Grahic Jump Location
Fig. 17

(a) This figure shows the time-varying values of pressure fluctuation at cross sections located by point L (pL'(t)≡pL(t)-p¯L) and M (pM'(t)≡pL'(t)-ΔpOM1(t)). These data are for run 4 of Tables 1 and 2. (b) The plot shows the FFT of pL'(t) and pM'(t) in (a).

Grahic Jump Location
Fig. 18

The incompressible mass flow rate values of m·Inc|OM1(t) for run 6 and its compressibility corrected values m·L(t) and m·M(t), respectively associated with points L and M in Fig. 4, are shown

Grahic Jump Location
Fig. 19

(a) The plot shows the mass flow rate m·M(t) at point M of OM1 in Fig. 4 for run 3 of Tables 1 and 2. These values are obtained from compressible flow models for two different thermal boundary conditions for the orifice-meter walls. One is an isothermal assumption and the other is an adiabatic assumption. (b) This plot shows, for run 3 in Tables 1 and 2, the comparison between m·stored(t) values obtained from the compressible flow CFD model and their values obtained from the proposed compressibility correction theory (Eq. (21)) for the incompressible CFD model (which has m·stored(t)=0). (c) This plot shows, for run 3 in Tables 1 and 2, the comparison between mass flow rate m·M-Comp(t) obtained from the compressible flow CFD model and m·M(t) obtained from a compressibility correction on the m·Inc|OM1(t) values—which are obtained from an incompressible CFD model.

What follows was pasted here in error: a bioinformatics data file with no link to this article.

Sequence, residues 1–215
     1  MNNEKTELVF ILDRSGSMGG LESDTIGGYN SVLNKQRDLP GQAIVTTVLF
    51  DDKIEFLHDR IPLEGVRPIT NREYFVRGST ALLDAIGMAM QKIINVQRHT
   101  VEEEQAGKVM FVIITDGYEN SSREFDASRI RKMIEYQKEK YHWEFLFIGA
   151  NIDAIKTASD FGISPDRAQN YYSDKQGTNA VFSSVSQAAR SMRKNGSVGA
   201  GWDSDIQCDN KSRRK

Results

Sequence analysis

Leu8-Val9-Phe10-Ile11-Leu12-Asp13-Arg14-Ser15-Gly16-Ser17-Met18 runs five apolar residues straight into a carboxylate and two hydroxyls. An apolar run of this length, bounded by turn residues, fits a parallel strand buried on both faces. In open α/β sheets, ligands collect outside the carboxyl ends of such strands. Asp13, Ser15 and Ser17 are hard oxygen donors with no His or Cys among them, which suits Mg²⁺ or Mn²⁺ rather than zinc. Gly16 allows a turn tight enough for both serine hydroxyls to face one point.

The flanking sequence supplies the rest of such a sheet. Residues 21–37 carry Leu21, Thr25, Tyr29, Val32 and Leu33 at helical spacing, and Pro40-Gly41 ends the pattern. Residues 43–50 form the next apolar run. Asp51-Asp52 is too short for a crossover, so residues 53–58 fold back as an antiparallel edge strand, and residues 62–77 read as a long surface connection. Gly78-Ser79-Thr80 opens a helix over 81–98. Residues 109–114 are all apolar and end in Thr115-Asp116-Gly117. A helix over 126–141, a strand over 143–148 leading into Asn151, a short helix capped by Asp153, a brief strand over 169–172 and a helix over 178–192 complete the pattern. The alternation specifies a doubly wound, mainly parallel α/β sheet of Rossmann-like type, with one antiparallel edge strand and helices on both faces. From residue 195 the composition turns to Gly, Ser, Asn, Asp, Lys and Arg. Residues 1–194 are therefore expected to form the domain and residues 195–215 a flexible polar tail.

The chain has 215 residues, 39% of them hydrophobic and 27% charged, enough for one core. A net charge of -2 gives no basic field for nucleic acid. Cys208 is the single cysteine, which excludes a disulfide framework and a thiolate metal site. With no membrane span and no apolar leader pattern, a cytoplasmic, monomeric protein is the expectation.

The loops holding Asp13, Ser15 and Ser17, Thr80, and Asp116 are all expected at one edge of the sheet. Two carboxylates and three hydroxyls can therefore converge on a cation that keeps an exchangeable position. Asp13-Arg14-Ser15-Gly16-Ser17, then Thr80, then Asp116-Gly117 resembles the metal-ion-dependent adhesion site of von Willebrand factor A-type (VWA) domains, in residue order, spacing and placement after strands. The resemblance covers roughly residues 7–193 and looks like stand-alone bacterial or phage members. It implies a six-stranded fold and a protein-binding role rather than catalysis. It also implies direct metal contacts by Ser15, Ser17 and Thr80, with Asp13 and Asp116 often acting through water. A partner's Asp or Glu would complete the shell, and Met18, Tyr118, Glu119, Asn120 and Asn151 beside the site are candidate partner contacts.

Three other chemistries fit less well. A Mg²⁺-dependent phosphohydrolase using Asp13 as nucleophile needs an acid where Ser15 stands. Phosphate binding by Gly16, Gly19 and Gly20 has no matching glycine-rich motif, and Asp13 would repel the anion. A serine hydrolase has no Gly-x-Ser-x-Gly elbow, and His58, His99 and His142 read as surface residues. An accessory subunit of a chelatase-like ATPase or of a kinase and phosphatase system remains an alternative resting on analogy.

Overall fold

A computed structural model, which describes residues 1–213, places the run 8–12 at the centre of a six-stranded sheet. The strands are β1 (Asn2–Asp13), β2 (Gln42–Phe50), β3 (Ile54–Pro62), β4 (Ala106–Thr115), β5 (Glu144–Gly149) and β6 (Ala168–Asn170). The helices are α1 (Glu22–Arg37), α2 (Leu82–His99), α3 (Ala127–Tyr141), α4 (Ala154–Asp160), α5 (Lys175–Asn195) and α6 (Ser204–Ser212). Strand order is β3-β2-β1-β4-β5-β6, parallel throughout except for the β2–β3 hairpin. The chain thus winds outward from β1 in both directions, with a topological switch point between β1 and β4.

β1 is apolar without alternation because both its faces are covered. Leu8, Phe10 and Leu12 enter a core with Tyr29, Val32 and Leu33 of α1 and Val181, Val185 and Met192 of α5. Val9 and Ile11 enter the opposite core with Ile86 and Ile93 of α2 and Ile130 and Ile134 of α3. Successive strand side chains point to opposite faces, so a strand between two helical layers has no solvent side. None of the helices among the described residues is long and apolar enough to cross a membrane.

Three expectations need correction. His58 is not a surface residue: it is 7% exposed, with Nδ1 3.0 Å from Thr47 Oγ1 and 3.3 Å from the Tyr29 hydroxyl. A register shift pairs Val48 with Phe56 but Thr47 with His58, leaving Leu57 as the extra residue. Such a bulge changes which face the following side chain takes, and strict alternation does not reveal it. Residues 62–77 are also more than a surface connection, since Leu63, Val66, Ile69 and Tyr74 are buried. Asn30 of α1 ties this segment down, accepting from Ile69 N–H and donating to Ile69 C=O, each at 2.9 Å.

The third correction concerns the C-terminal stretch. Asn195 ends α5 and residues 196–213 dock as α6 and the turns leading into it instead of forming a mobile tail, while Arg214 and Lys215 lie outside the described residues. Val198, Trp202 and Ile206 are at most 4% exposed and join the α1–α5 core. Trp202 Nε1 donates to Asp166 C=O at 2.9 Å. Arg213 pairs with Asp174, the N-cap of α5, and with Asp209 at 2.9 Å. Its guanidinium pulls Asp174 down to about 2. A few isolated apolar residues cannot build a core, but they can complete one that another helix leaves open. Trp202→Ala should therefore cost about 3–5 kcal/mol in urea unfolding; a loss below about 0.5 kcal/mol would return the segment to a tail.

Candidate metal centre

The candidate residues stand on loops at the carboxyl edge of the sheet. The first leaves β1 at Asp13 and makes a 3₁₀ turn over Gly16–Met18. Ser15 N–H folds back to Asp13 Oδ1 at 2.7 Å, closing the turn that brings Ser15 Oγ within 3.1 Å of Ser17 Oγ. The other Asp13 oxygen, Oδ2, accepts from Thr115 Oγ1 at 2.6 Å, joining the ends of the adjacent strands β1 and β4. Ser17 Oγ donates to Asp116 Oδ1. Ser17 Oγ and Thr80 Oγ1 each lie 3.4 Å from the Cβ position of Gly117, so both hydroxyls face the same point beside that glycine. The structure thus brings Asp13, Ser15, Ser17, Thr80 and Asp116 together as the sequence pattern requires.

Grahic Jump Location
Fig. 20

This figure shows the geometry for the two devices that are merged together, with proper instruments, and placed between points L and O of Fig. 6



Some tools below are only available to our subscribers or users with an online account.

Related Content

Customize your page view by dragging and repositioning the boxes below.

Related Journal Articles
Related eBook Content
Topic Collections

Sorry! You do not have access to this content. For assistance or to subscribe, please contact us:

  • TELEPHONE: 1-800-843-2763 (Toll-free in the USA)
  • EMAIL: asmedigitalcollection@asme.org
Sign In